Thursday, November 29, 2012

Zeno of Citium

Zeno of Citium - not to be confused with Zeno of Elea! - had an impact on culture, religion, and philosophy far beyond the time and space he occupied during his life. Born approximately 336 B.C. in Citium, a Phoenician city on the island of Cyprus, he would have been familiar with both Greek and Phoenician cultures and languages, although to which extent we cannot say with certainty. An experienced merchant, he was shipwrecked on the Greek coastline near Piraeus, and ended up in Athens around 312 or 314 B.C. (he was apparently on a mission to transport purple dye from Phoenicia). His family of origin seems to have been populated with merchants.

There is some ambiguity about the details of his life. The exact dates of his birth and of his arrival in Athens are not precise. Some scholars suspect that he may have traveled to Athens voluntarily, instead of being shipwrecked. There are accounts that he may have been sold into slavery for a brief time, and his freedom regained when a friend purchased it for him. For philosophical purposes, however, we do not need such biographical particulars. What interests us most about Zeno of Citium is his ideas.

In any case, he was in Athens around the age of 22, penniless. Several vignettes describe his entry into philosophy: in one of them, Zeno frequents a bookstore, and is drawn to the works of Socrates - by which we must understand the works of Plato. When Zeno expressed an interest in meeting thinkers like Socrates, the shopkeeper directed him to Crates the Cynic. Zeno got his start in philosophy with Crates, and there are certain clear similarities between Zeno's Stoicism and Cynicism. It was probably while working with Crates that Zeno wrote his Republic, not to be confused with Plato's book of the same title.

Eventually Zeno's school of philosophy became distinct from Cynicism. Perhaps originally cited as 'Zenonians' by contemporaries, Zeno's students soon became known as 'stoics' because Zeno lectured from the Stoa Poikile or 'painted porch' in the agora or marketplace in Athens. This distinction seems to have been in place starting around 300 B.C.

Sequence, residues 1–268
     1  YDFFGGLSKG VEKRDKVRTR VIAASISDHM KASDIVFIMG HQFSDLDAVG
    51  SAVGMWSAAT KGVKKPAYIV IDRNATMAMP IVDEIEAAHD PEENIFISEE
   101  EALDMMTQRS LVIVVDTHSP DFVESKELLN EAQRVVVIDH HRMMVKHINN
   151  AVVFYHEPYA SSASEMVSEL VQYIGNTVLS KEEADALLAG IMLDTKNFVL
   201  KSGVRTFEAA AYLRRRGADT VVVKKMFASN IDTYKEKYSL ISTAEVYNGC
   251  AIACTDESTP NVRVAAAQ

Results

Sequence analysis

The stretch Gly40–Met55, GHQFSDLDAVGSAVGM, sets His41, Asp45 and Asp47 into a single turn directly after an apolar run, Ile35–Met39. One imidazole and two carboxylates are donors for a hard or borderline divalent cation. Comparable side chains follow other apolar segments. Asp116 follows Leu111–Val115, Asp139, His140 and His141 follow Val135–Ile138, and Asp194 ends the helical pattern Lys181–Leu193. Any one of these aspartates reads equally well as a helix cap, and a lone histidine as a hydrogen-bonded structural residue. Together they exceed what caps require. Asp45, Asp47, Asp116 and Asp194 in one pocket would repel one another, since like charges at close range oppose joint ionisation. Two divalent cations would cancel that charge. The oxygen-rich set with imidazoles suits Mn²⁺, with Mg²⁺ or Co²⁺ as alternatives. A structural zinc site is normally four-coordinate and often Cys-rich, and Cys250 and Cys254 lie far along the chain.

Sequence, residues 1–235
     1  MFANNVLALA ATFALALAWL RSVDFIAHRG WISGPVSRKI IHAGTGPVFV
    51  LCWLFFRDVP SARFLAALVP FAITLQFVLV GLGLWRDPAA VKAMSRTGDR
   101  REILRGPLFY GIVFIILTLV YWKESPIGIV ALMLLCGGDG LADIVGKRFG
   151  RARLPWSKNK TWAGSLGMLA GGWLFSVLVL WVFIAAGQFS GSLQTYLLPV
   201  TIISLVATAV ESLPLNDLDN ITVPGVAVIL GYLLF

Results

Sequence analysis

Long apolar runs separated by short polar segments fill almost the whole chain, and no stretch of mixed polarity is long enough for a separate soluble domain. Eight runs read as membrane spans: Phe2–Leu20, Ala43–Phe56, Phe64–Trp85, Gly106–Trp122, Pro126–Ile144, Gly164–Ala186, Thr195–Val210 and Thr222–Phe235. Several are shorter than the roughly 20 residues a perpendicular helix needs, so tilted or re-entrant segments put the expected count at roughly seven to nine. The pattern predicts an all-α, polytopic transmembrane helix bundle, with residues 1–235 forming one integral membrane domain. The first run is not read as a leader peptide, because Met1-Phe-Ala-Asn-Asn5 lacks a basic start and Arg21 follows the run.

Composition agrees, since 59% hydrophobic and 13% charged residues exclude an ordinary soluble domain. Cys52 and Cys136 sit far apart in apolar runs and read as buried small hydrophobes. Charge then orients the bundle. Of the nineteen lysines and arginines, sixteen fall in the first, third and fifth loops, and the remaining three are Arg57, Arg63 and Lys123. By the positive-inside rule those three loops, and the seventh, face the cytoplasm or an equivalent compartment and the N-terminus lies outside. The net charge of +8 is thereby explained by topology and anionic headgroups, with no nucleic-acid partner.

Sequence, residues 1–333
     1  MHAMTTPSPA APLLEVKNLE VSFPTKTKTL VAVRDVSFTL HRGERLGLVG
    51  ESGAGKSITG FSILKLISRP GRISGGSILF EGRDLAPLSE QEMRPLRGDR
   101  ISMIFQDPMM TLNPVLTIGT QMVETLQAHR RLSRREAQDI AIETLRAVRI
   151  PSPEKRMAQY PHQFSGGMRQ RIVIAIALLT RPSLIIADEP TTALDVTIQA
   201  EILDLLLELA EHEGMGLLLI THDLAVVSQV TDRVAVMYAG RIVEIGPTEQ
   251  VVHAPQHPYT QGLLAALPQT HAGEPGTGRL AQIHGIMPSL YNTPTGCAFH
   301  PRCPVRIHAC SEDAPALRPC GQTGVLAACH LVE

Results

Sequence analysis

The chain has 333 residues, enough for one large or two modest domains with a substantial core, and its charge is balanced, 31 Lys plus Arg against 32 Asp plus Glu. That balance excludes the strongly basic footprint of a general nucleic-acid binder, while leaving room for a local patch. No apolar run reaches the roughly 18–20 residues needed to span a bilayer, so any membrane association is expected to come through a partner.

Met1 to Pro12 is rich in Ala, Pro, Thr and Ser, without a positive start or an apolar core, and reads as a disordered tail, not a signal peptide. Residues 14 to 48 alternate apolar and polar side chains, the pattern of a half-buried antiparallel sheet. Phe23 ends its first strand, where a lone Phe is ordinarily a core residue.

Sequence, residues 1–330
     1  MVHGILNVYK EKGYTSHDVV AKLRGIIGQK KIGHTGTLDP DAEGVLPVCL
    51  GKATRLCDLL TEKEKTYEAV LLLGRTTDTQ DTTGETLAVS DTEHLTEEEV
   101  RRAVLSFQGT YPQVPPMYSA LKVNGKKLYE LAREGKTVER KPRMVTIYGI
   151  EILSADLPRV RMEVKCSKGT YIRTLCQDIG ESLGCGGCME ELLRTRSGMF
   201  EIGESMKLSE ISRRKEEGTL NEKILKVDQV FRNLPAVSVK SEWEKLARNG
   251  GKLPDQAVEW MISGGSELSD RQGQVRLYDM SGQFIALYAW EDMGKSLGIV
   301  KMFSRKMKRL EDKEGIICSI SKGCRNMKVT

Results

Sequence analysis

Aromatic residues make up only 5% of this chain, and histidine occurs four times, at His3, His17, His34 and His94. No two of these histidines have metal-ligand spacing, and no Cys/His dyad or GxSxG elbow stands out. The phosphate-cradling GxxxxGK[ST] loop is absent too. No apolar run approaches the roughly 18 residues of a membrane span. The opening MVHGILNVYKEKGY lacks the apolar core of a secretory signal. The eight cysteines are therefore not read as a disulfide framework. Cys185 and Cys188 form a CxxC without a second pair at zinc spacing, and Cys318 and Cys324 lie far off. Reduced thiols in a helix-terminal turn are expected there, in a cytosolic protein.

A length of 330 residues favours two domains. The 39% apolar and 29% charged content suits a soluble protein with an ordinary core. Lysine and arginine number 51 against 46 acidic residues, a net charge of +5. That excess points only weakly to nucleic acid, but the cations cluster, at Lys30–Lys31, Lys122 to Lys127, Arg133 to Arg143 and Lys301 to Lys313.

Given the fragmentary nature of the direct textual evidence about Zeno, early Stoicism appears as a hodgepodge of concepts. In part, Zeno's Stoicism - which must be clearly distinguished from later Stoicisms - can be negatively defined, inasmuch as he consciously contrasted himself to other philosophies.

While Epicurus, who'd gained attention around 306 B.C., built his Lebensphilosophie around the concepts of randomness and pleasure, Zeno organized his philosophy of life around an orderly universe governed by the laws of nature and around individual goodness attained by practicing virtue. The concept of Natural Law will be central to Zeno's Stoicism.

In a deliberate contrast to Plato's Republic, Zeno's book seems anarchistic or libertarian: he envisions a society with no currency or money; his understanding of God excluded the need for temples; he posits that a truly rational society, composed of rational individuals, will also not need a legal system or courts of law. Like Plato's book, Zeno's text raises the question of whether the author envisioned these as concrete suggestions for practical concrete implementation, or whether he considered his ideal to be unreachable perfection, presented as an abstract example of his values, but not as a blueprint for social engineering.

Many accounts describe Zeno as ugly and ascribe eccentric behaviors to him; one account implies that Zeno was overly conscious of social propriety, a quality of which Crates tried to cure him by publicly causing him to be doused with lentil soup. Such apocryphal narratives are entertaining, but their accuracy may be in doubt; some contradict each other: one reports that Zeno associated mainly with the undesirable residents of Athens, while another relates that he was highly honored by the city. Again, while enjoyable, such details are philosophically uninteresting.

Much of what we know about Zeno's doctrines comes from later Stoics and some historians; the imprint of Crates and the Cynics is clear in Zeno's thinking. Zeno presents us with an early version of Natural Law theory: it is in the structure of the universe itself that good and evil, right and wrong, are to be understood. To be good or right is to be in harmony with the nature of the universe. Later Stoics will sharpen the idea that the universe may be an organism, a living thing, a mind.

A few astronomical breakthroughs are ascribed to Zeno, along with that fatalism and acceptance which are characterized by the non-philosophical use of the word 'stoic'.

Zeno died around 256 B.C., allegedly after interpreting a minor accident as a sign from the universe that it was time for him to die.